relative to the handlebars..
    It was just the wheel itself that was being pulled to the left. It wasn't the fork twisting.

    Quote Originally Posted by fietsbob View Post
    then if all that is checked thru, then it's just a physics lesson ..

    now you know why motorcycles double disc front wheels.
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  16. #16
    Senior Member Digital_Cowboy's Avatar
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    Quote Originally Posted by FastJake View Post
    So the question is: do you have a good quality enclosed cam skewer? They're a must for horizontal rear dropouts and front disc brakes. The inferior exposed cam skewers will slip. If you have one, I strongly suggest you replace it. You don't want your front wheel coming out during hard braking!
    They're the exterior type cam QR skewers. I think it was just a case of vibrations from everyday riding causing it to work loose.
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  17. #17
    Senior Member Digital_Cowboy's Avatar
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    Quote Originally Posted by joejack951 View Post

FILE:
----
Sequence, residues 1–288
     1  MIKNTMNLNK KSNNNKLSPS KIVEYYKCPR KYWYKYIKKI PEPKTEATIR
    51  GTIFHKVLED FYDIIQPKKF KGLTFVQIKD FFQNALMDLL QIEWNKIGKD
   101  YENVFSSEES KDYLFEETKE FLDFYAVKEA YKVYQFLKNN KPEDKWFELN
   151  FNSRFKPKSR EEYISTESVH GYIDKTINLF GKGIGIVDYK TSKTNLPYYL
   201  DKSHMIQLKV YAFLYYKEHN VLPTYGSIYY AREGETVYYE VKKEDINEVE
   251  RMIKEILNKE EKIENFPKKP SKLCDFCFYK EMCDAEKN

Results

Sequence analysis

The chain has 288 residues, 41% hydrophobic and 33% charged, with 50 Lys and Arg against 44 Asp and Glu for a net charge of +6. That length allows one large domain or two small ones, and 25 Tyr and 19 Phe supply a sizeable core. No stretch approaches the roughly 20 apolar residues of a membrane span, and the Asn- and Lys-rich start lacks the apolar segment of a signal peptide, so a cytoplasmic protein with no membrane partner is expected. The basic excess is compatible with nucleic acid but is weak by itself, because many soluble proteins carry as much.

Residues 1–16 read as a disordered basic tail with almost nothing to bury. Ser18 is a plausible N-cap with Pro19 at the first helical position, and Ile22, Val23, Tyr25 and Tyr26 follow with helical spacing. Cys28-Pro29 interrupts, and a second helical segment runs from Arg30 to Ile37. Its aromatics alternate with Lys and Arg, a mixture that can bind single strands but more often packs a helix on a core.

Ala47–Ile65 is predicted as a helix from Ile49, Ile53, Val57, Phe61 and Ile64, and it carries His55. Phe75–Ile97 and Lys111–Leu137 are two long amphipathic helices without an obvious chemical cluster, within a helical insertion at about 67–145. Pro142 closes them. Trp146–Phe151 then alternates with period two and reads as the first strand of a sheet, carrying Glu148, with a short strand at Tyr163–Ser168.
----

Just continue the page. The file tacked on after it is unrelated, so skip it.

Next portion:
While the exposed cam skewer may be inferior in some ways, they are lighter and have proven perfectly sufficient on my commuter with a front disc that does 99% of my braking (American Classic skewers). I'll hit 13,000 miles on that bike in another week or two. I personally wouldn't call the internal cam skewers a must for normal duty. The lawyer lips on my fork are huge though And downhill MTB'ing might be a different story too.
    Both my Hardrock and my Seek have exterior QR skewers. Actually the only wheel on either bike that has an internal QR skewer is the rear wheel on my Hardrock and that's because I changed it out to use my Yakima Big Tow trailer.

    The only off road riding I do is when I ride the Pinellas Trail.
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  18. #18
    Ride, Wrench, Swap, Race dddd's Avatar
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    This topic got my attention because I have a road bike that does that. The bike pulls a bit to the left the moment I apply the front brake.